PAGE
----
Similar as in example 1, the editor will now scan folders, registry et cetera and create hiding rules for you. After that, you can, if add, remove or modify any rules as needed. For Visio I had to remove some path and registry items that the scan picked up that were not Visio specific but rather Microsoft Office general.
The next step is to assign the CRM Outlook plugin to specific users. You can do this be either applying the hiding to a specific user or group, or not apply it to a specific user or group. In this case I will set it to not apply to the GG_Viso2013_Users group.
Again I’ve created two GPO File Preferences to copy both the .fxa and the .fxr file, but you can use any desired method to get the files in folder that is scanned by the FSLogix Agent.


After the two files have been copied by the GPO, we’re ready to test. First lets log on with a user (rdstest84) who is a member of the GG_CRM_Visio_Users group. With this user we are able to Launch Visio as a Azure RemoteApp. Also, we can see Visio as a installed program when we open up the control panel as this user.
Now let’s perform the exact same steps using a user (rdstest83@rdsgurus.com) who is not a member of the group GG_CRM_Visio_Users. When we try to open Visio as a RemoteApp the system won’t us, and we’re presented with the following error.
And also, we open Control Panel as this user and take a look at the installed programs, Microsoft Visio is not there.
This mean that FXLogix not only denied access to Visio, but complete hides Microsoft Visio for the user, which is great because this makes it very transparent.
There is one caveat there which is related to Azure RemoteApp rather than FSLogix. Currently Azure RemoteApp does not support fine grained assigning of RemoteApps. This means that every user who has access to a App Collection will see every application within that collection. In case of this scenario, using FSLogix we’ve completely hidden Visio for users who are not a member of the specified group. They do not see references to Visio anywhere…except for the Azure RemoteApp client. Since we currently cannot show RemoteApps based on for example group membership Visio will still show up there, although the user is unable to launch it. Hopefully this is something that Microsoft will change in the future. But despite this caveat, FSLogix is able to fully block any access to Visio which means we’re ensuring application license compliance.


Another common example is Java. Many Line of Business (Web) Applications require java to be installed. As an administrator, ultimately you would want a single Java runtime, updated to the latest version. Unfortunately, the reality is different, since not every web application fully works with the latest version of Java. FSLogix offers functionality that allow you to run the latest runtime of Java and make an exception for a specific (web) application, based on the URL, and only allow that URL to use a specified older version on Java.
To demonstrate this I’ve installed 2 versions of Java in the RD Session Host template used by Azure RemoteApp. Java 8 Update 45 and Java 6 Update 45.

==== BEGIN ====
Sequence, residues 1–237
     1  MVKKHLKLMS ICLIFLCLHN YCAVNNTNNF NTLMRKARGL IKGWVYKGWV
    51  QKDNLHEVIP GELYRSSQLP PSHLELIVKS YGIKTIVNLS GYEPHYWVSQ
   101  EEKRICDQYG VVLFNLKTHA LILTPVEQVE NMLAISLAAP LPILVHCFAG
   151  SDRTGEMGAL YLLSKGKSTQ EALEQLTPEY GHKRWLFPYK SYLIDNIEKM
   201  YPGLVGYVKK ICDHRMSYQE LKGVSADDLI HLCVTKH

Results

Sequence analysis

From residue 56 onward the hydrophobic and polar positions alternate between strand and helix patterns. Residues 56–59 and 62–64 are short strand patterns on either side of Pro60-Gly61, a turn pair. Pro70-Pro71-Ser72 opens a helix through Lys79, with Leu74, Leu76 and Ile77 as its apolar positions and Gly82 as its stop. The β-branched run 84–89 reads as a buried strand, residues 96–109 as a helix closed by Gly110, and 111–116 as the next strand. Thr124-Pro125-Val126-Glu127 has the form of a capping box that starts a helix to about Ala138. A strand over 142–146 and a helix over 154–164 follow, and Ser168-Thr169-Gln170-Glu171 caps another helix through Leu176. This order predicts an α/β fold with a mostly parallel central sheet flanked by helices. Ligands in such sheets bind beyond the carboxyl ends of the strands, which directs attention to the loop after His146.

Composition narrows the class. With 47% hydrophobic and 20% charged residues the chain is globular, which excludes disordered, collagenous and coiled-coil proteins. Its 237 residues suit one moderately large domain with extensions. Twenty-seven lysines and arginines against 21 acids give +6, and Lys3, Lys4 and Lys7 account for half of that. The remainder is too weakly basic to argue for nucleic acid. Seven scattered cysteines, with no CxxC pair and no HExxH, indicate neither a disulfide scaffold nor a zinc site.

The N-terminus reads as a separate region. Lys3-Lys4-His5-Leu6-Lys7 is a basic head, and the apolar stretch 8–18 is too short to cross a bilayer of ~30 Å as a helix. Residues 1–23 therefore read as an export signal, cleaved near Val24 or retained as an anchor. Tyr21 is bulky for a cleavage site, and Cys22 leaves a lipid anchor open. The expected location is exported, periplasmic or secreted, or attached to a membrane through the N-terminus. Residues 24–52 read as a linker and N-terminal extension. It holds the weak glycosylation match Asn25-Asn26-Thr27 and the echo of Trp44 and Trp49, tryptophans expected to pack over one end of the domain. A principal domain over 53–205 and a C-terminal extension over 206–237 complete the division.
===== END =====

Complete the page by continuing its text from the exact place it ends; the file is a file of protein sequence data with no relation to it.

To be able to make the exception for a specific URL, we use the FSLogix Java Rule Editor. The interface is again really simple. We create a new Java rule with the type set to URL. We then specify the specific URL we want to run using an older version of Java. For this demo I actually specified the java.com website, because the java.com website contains an option to show the java version that is used. That allows me to confirm the exception. Upon saving this configuration, 2 files are created, an .XML and an .XMLP file.
Similar to the other 2 scenario’s I use a GPO Computer File Preference to copy the files to the folder that is being actively monitored by the FSLogix agent. As soon as the files are there, the FSLogix agent picks up the change and the configuration is made active.


To test this we open the Azure RemoteApp Client and open Internet Explorer as a RemoteApp. Within Internet Explorer we browse to the URL specified to use the older version of Java (Version6 U45). In this case, Java.com and we browse to section that allows us to verify the Java Version we are using.
After clicking Verify Java version we’re presented with the screen below, indicating that we are in fact using the older version of Java! This confirms that the Java rule is correctly working.
To fully prove this, we remove the 2 java rule files from the FSLogix Folder, close and reopen the Internet Explorer Remote App, and here’s the verification we’re now using the latest version of Java!
So using FSLogix we’re able to use the latest version of Java for every (web) application while still being able to support that single application that requires an older version of Java.


FSLogix Apps is very powerful yet extremely simple solution. It provides solutions for very common scenarios related to managing the application landscape within a RDS or VDI solution. In this case I’ve only covered 3 scenario’s, but there are obviously many more. Also note the scenario’s above were not strictly bound to RemoteApps in Azure but rather RemoteApps in general and thus can also be applied in on premises environments. What I wanted to point out in this blog post is that FSLogix has the same added value to Azure RemoteApp scenario’s and provides an easy solution for a lot of very common scenarios without making things over complex. That’s why I think Azure RemoteApp and FS Logix Apps are a great match!